In February 2000, Dzurinda officially proclaimed the birth of the new Slovak Democratic and Christian Union (SDKÚ, Slovenská Demokratická a Krest´anská Únia ), heir to the Slovak Democratic Coalition (SDK, Slovenská Demokratická Koalícia ). To facilitate the process of accession to the European Union (the talks for accession to the EU had started in December 1999), in 2001 the National Council ( Národná Rada ) passed a series of amendments to the Constitution aimed at redefining the legislative system and the powers of the Constitutional Court, as well as guaranteeing greater independence of the judiciary. In the same year, after the replacement (May) of Fr. Hamzik ​​from the post of Minister of European Integration for improper use of EU funds and the motion of no confidence put forward by the opposition parties due to the lack of progress in the process of reform of the economy and public administration towards the Minister of Economy I. Mikloš, the government announced the adoption of a program of extensive economic and administrative reforms. In the regional elections (December) the Movement for Democratic Slovakia (HZDS, Hnutie Za Demokratické Slovensko ), the country’s largest party,146 of the 401 seats on the regional councils and 6 of the new 8 ‘superior territorial units’. The same party secured the highest percentage of votes (19.5 %, 36 seats) in the legislative elections of September 2002, followed by the SDKÚ (15.1 %, 28 seats), by the Directorate ( Sm ě r , 13.5 % and 25 seats) – party founded in 1999 by R. Fico, former deputy secretary of the Democratic Left Party (SDL, Strana Demokratickej L´avice ) -, by the Hungarian Coalition Party (SMK, Strana Mad´arskej Koalície ; 11.2 %, 20 seats), by the Christian Democratic Movement (KH, Krest´anskodemokratické Hnutie ; 8.3 %, 15 seats), by the Alliance of the new citizen (ANO, Aliancia Nového Ob è ana ; 8 %, 15 seats), while the Slovak Communist Party (KSS, Komunistická Strana Slovenska ) recorded significant progress compared to previous polls (6.3 %, 11seats). The governing coalition, made up of four center-right parties (SDKÚ, SMK, KH and ANO) and with Dzurinda confirmed at the helm of the executive, launched (November) a severe economic recovery plan which did not fail to provoke popular protests. The return to power of a reformist coalition, however, accelerated the European integration process of the country, which was formally invited to become a member of the EU in 2004. In the national referendum (May 2003) 92.5 % of the voters (52 % of those entitled) voted in favor of the entry of the Slovakia into the Union.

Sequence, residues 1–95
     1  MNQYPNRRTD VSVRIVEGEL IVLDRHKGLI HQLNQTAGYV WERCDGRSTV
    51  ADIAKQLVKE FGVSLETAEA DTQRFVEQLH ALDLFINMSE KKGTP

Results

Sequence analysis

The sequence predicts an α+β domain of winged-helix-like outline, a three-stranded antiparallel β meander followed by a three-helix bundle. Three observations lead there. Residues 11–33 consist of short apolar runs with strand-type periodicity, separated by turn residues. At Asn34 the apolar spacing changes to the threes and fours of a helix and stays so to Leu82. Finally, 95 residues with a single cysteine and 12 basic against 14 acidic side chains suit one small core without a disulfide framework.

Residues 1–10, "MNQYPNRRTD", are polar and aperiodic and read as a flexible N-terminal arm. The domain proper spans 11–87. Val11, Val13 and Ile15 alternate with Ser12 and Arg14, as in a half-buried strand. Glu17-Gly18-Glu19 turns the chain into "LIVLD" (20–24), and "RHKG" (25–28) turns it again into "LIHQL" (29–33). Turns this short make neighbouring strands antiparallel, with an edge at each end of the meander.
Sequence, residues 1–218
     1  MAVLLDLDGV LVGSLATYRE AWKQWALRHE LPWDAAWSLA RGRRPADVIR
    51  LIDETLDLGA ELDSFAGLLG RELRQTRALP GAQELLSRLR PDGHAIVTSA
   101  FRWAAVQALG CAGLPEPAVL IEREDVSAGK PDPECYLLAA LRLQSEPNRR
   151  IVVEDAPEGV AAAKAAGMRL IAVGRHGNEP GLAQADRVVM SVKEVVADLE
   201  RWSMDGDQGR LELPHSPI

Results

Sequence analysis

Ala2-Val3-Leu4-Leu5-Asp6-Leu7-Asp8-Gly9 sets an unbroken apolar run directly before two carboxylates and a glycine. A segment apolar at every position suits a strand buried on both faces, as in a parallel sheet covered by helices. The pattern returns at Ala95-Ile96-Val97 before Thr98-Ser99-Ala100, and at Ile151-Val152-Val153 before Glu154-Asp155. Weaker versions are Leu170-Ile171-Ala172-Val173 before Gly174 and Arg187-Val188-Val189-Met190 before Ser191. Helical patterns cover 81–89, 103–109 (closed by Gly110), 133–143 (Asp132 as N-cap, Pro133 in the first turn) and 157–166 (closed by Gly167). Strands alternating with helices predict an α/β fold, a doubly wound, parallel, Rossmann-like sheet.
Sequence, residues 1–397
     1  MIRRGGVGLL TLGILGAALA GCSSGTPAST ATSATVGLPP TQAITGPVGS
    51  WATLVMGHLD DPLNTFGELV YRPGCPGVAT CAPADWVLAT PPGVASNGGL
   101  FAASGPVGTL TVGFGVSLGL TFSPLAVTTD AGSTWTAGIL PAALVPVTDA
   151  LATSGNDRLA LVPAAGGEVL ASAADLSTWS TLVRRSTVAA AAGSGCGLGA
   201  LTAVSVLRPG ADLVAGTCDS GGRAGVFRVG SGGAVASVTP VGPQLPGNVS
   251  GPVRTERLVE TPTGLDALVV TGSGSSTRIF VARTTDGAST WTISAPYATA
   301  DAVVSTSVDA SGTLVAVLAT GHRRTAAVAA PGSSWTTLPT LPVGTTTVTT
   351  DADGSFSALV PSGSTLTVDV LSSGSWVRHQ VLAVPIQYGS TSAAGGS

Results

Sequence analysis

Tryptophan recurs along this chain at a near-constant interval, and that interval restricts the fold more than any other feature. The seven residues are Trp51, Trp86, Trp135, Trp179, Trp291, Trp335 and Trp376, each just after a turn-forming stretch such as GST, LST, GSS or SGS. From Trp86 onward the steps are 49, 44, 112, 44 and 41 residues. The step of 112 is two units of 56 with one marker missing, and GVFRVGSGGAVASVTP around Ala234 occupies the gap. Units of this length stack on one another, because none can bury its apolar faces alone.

In the presidential elections (April 2004) V. Mečiar, favored in the first round, was beaten in the ballot by I. Gašparovič (59 % of the votes), leader of the Movement for Democracy (HZD, Hnutie Za Demokraciu ), founded in July 2002 by dissident members of the HZDS. On May 1, the Slovakia became a member of the EU, just over a month after its official entry into NATO (March 29). In September 2005, the involvement of the Minister of Economy, P. Ruško, in a financial scandal led to the expulsion of the party he leads (ANO) from the coalition; in February 2006it was the Christian Democrats (KH) who left the coalition due to a disagreement created around the approval of a treaty of ‘conscientious objection’ with the Vatican, by virtue of which hospital staff would have the right to refuse to practice abortions or subjecting patients to fertility treatments based on personal religious beliefs. Judged by the secular camps as a heavy attempt at interference by the Catholic Church in civil matters, and viewed with concern by the EU over its possible impact on women’s rights, the treaty was rejected by Dzurinda. The early elections (June) unexpectedly saw the Directorate-Social Democracy ( Sm ě r-Sociálna Demokracia ) – center-left formation born in January 2005 from the merger between Sm ě r , Social Democratic Party of Slovakia ( Sociálnodemokratická Strana Slovenska ), Alternative Social Democratic ( Sociálnodemokratická Alternativa ) and SDL – which obtained 29 % (50 seats), while the SDK SDKÚ- DS ( Demokratická Strana , Democratic Party) got 18.3 % (31 seats), the Slovak National Party (SNS, Slovenská Národná Strana ) 11.7 % (20 seats), the SMK 11.6 % (20seats), to the LS ( L´udová Strana , People’s Party) -HZDS – new name of the HZDS since 2003 – 8,7 %, (15 seats) and to the KH 8,3 % (14 seats). The post of prime minister went to Fico, leader of Sm ě r-Sociálna Demokracia , who formed a government with the LS-HZDS and the SNS, a component, the latter, which did not fail to cause concern for its nationalistic orientation.